The CJEU has issued its much awaited decision in the reference to the Court of Justice of the European Union (CJEU) by the Lithuanian Supreme Court in the case of Gazprom (C-536/13). The Lithuanian Court referred to the CJEU three questions regarding the effect of the Brussels I Regulation (EC) No 44/2001 (the Regulation). As discussed in our earlier blog piece here, the reference related to a request to enforce an arbitral award which has a similar effect to an anti-suit injunction and has therefore been of considerable interest to the arbitration community. This is particularly the case following the opinion of Advocate General Wathelet which considered not only the text of the original Brussels Regulation, but also the Recast Regulation (see our blog post here for more information).
Since the Dutch governmentâs announcement last year that Indonesia had terminated the 1995 Bilateral Investment Treaty (BIT) between those countries, speculation has been rife regarding the status of Indonesiaâs remaining BITs, signed with more than 60 countries.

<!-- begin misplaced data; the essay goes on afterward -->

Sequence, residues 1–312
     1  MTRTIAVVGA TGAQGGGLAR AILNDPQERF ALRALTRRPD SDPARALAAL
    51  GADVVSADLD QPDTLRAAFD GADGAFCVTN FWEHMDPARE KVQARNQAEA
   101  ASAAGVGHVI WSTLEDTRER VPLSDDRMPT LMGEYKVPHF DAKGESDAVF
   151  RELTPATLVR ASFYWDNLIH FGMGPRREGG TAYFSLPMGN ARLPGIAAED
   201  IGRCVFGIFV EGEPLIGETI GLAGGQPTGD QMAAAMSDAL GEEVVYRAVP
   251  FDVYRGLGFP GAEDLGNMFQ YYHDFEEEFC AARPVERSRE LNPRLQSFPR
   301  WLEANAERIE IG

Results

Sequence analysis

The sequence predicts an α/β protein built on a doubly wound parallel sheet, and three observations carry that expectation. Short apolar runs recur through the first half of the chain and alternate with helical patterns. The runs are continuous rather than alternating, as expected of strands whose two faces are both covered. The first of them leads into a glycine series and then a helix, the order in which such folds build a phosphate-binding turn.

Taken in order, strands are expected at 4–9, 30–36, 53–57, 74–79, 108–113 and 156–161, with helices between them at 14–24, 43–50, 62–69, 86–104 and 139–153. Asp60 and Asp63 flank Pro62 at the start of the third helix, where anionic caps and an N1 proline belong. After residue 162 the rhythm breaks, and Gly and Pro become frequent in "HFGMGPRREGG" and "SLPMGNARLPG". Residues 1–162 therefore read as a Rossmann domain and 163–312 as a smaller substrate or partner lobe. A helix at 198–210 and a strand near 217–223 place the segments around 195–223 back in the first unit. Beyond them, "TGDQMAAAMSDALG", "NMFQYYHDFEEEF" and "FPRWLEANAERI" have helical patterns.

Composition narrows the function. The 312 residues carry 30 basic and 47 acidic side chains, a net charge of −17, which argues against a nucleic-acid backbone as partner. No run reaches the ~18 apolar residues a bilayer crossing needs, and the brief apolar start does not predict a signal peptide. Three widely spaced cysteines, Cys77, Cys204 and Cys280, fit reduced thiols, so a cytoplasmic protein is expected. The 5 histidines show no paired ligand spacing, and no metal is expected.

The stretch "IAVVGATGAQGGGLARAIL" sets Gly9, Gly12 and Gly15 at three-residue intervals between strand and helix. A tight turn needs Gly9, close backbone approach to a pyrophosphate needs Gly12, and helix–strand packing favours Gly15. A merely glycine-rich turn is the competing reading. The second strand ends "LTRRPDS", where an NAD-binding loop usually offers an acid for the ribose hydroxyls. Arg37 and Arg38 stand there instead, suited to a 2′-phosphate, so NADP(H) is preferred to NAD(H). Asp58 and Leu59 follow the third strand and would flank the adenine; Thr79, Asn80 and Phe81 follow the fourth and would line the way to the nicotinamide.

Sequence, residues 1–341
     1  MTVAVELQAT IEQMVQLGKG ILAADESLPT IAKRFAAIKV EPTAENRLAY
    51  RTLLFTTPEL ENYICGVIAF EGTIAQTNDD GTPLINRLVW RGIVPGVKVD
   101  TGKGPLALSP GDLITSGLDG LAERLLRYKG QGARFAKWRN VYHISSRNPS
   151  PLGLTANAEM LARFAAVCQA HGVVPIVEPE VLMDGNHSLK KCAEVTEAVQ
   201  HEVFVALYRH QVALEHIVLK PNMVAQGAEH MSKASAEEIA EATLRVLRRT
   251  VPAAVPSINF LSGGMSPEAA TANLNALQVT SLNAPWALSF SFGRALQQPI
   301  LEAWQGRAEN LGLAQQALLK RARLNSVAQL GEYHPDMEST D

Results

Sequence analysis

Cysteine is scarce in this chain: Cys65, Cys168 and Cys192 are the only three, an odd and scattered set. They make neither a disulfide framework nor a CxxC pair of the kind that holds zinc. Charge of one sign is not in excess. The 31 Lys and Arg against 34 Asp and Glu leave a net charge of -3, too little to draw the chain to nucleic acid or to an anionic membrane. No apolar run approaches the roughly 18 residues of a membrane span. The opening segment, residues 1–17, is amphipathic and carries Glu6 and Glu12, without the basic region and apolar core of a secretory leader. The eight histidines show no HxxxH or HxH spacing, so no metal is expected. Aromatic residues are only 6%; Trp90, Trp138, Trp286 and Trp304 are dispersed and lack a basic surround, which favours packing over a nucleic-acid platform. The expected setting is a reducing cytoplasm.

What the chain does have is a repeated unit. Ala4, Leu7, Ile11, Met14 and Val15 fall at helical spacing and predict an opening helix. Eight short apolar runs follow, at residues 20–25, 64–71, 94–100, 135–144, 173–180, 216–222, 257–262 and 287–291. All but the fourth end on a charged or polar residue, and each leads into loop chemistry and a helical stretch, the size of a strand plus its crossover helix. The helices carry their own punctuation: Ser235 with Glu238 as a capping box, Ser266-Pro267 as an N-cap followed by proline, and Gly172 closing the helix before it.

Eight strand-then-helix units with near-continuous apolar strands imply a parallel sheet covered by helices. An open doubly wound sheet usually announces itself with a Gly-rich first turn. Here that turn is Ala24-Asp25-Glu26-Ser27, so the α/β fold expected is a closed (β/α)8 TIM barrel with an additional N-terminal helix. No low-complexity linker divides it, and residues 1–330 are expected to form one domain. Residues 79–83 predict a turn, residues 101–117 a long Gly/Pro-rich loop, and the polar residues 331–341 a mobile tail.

On 12 May 2015, The Jakarta Post reported that the Indonesian Government intends to renegotiate its BITs, to bring greater certainty both to foreign companies doing business in Indonesia and to the Indonesian government. In particular, The Jakarta Post quotes Azhar Lubis, deputy director for investment monitoring and implementation at the Indonesian Investment Coordinating Board (BKPM), as suggesting that Indonesia may seek to restrict access to Investor State Dispute Settlement under its treaties to cases where the government has expressly consented that disputes with a particular investor may be referred to arbitration. Lubis stated that such a revision would be consistent with Indonesia’s 2007 Direct Investment Law, which stipulates that international arbitration claims should be filed based on an agreement between both parties. Continue reading